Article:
[Beowulf] statless compute nodes
landman at scalableinformatics.com
Wed May 27 19:32:45 PDT 2015
Not more complicated at all. Read Doug Eadline's response.
On May 27, 2015 10:30:17 PM Trevor Gale <trevor at snowhaven.com> wrote:
> I need to configure IB, slurm, MPI, and NFS and am most likely running
> centOS would you say that using warewulf makes configuration of these apps
> significantly more complicated?
> > On May 27, 2015, at 9:56 PM, Joe Landman
> <landman at scalableinformatics.com> wrote:
> > On 05/27/2015 09:22 PM, Trevor Gale wrote:
> >> Hello all,
> >> I was wondering how stateless node fair with very memory intensive
> applications. Does it simply require you to have a large amount of RAM to
> house your file system and program data? or are there other limitations?
> > Warewulf has been out the longest of the stateless distributions. We had
> rolled our own a while before using it, and kept adding capability to ours.
> > Its generally not hard to pare down a stateless node to a few hundred MB
> (or less!). Application handled via NFS, and strip your stateless system
> down to the bare minimum you need. In fairly short order, you should be
> able to pxe boot a kernel with a bare minimal initramfs, and have it launch
> docker and docker like containers. This is the concept behind CoreOS, and
> many distributions are looking to move to this model.
> > We use a makefile to drive creation of our stateless systems (everything
> including the kitchen sink, and our entire stack), which hovers around 4GB
> total. Our original stateless systems were around 400MB or so, but I
> wanted a full development, IB, PFS, and MPI environment (not to mention
> other things). I could easily make some of this stateful, but our
> application requires resiliency that can't exist in a stateful model (what
> if OS drives or the entire controller) suddenly went away, or the
> boot/management network was partitioned with an OS on NFS.
> > This is one of our Unison units right now
> > root at usn-01:~# df -h
> > Filesystem Size Used Avail Use% Mounted on
> > rootfs 8.0G 3.9G 4.2G 49% /
> > udev 10M 0 10M 0% /dev
> > ...
> > tmpfs 1.0M 0 1.0M 0% /data
> > /dev/sda 8.8T 113G 8.7T 2% /data/1
> > /dev/sdb 8.8T 201G 8.6T 3% /data/2
> > /dev/sdc 8.8T 63G 8.7T 1% /data/3
> > /dev/sdd 8.8T 138G 8.6T 2% /data/4
> > fhgfs_nodev 70T 1.1T 69T 2% /mnt/unison2
> > with the "local" mounts being controlled by a distributed database.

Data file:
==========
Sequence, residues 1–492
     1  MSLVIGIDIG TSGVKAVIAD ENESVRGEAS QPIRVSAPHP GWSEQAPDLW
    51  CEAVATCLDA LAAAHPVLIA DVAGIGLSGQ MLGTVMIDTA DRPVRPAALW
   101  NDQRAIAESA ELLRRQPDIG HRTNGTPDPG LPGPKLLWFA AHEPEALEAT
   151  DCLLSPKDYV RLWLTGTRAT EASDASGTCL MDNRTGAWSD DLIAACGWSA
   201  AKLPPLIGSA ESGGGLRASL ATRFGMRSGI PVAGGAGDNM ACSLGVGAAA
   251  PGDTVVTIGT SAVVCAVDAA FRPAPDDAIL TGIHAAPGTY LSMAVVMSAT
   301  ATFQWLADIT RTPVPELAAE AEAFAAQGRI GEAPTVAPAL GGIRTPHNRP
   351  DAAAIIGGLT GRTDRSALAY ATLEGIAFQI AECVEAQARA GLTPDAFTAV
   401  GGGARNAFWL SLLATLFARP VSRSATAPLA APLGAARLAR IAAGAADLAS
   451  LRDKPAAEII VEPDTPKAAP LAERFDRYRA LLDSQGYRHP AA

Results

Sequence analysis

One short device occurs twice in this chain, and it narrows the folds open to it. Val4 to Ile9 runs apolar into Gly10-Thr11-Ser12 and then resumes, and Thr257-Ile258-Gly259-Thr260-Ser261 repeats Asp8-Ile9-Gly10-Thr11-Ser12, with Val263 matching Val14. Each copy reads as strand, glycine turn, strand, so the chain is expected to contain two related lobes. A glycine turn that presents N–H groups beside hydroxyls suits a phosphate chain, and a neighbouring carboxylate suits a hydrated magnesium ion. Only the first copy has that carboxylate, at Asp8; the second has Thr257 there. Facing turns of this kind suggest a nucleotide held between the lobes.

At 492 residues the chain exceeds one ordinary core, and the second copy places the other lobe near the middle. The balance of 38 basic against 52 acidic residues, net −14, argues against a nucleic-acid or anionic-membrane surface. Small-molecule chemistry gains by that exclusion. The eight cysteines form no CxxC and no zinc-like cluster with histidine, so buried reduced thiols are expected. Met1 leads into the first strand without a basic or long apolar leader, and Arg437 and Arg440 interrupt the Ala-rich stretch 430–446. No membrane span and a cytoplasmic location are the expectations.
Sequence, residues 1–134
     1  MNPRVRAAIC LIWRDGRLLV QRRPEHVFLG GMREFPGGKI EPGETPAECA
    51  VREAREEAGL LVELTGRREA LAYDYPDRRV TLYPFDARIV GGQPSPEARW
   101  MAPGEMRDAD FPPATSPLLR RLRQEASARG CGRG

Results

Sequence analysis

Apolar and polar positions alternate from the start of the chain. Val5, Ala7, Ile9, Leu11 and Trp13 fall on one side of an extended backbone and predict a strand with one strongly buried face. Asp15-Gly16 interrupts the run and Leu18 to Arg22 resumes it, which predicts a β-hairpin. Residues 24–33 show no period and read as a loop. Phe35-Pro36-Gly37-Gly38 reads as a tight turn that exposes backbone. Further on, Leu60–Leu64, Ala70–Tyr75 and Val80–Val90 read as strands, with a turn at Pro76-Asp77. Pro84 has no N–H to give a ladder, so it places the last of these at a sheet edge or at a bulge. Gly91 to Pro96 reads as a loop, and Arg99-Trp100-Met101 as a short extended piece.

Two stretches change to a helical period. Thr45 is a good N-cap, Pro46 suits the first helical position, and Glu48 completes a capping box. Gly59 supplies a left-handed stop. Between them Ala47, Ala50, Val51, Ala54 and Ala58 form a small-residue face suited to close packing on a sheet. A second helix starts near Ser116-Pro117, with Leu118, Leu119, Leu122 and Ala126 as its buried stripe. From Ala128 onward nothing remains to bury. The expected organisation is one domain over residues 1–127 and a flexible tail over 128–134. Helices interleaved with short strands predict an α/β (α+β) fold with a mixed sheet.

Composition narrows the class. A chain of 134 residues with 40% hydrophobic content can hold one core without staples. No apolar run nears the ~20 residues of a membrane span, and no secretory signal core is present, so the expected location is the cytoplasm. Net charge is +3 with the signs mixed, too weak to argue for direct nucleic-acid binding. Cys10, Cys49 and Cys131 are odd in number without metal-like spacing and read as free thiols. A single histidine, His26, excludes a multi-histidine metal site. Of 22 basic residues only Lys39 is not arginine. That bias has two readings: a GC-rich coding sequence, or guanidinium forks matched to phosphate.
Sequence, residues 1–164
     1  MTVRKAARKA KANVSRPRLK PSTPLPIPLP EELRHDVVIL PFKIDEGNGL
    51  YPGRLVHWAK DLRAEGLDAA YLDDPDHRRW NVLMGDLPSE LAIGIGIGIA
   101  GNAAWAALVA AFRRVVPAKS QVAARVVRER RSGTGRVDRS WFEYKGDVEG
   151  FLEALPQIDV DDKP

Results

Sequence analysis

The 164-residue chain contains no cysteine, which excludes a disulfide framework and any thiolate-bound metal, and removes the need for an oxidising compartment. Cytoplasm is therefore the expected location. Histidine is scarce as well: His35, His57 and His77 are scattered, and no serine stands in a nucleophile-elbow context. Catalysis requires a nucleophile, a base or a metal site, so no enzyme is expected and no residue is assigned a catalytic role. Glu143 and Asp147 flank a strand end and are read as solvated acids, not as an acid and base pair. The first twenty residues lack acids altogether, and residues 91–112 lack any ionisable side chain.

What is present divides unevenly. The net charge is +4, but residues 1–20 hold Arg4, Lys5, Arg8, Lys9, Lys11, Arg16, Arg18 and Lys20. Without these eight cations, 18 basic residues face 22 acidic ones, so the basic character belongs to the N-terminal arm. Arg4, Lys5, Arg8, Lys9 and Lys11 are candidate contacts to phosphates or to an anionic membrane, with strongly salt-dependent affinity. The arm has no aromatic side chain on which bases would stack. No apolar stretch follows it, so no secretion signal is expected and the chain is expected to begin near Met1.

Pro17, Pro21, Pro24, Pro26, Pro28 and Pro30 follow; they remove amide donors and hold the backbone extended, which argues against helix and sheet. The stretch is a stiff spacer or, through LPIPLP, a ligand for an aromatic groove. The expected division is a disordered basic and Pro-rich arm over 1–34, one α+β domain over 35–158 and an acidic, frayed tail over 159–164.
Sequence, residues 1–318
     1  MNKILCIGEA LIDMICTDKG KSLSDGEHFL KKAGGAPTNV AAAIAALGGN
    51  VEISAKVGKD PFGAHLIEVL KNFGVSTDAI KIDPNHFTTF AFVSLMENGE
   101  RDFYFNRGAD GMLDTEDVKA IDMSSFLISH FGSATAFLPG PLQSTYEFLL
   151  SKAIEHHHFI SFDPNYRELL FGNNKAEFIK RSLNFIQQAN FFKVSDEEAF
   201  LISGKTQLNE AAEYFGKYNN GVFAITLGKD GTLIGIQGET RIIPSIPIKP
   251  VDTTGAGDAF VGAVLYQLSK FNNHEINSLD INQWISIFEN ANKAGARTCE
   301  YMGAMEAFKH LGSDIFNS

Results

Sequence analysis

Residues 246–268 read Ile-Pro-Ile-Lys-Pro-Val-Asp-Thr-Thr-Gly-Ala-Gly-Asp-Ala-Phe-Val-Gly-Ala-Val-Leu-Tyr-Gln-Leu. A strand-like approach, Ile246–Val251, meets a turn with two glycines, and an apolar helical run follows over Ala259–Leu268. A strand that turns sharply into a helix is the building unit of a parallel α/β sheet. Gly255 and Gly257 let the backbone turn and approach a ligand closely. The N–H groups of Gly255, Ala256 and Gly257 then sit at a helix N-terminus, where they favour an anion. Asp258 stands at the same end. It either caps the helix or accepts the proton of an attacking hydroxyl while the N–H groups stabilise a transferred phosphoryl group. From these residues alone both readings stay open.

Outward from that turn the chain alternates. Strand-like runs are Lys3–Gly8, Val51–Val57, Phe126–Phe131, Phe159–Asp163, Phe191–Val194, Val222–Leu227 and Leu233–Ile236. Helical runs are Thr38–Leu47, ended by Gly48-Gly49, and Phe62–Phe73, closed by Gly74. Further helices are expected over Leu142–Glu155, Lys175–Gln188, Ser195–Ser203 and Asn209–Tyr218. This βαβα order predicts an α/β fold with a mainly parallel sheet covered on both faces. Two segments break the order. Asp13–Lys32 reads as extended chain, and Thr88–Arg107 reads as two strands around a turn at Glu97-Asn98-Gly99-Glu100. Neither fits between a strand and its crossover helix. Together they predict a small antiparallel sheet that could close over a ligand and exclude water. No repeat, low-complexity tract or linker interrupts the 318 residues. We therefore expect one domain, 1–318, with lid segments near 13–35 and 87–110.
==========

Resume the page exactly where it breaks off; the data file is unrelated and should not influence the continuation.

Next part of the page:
> Think of it as a distributed cluster wide /etc/fstab. More relevant for a
> storage cluster/cloud than a compute cluster, but easily usable in this regard.
> > We handle all the rest of the configuration post-boot. A little
> infrastructure work (bringing up interfaces), and then configuration work
> (driven by scripts and data pulled from a central repository, which is also
> > There are some oddities, not the least of which most distributions are
> decidedly not built for this. But if you get them to a point where they
> think they have a /dev/root and they mount it, life generally gets much
> easier rather quickly.
> > One of the other cool aspects of our mechanism is that we can pivot to a
> hybrid or NFS after fully booting. And if the NFS pivot fails, we can fall
> back to our ramboot without a reboot. Its a thing of beauty ... truly ...
> > FWIW: we use a debian base (and Ubuntu on occasion) these days, though
> we've used CentOS and RHEL in the past before it became harder to
> distribute. Generally speaking we can boot anything (and I really mean
> *anything*: Any Linux, *BSD, Solaris, DOS, Windows, ... ) and control them
> in a similar manner (well, not DOS and Windows ... they are ... different
> ... but it is doable).
> > Warewulf has similar capabilities and is designed to be a cluster
> specific tool. I think there are a few others (OneSIS, etc.) that come to
> mind that can do roughly similar things. Maybe even xcat2 ... not sure,
> haven't looked at it in years.
> > --
> > Joseph Landman, Ph.D
> > Founder and CEO
> > Scalable Informatics, Inc.
> > e: landman at scalableinformatics.com
> > w: http://scalableinformatics.com
> > t: @scalableinfo
> > p: +1 734 786 8423 x121
> > c: +1 734 612 4615
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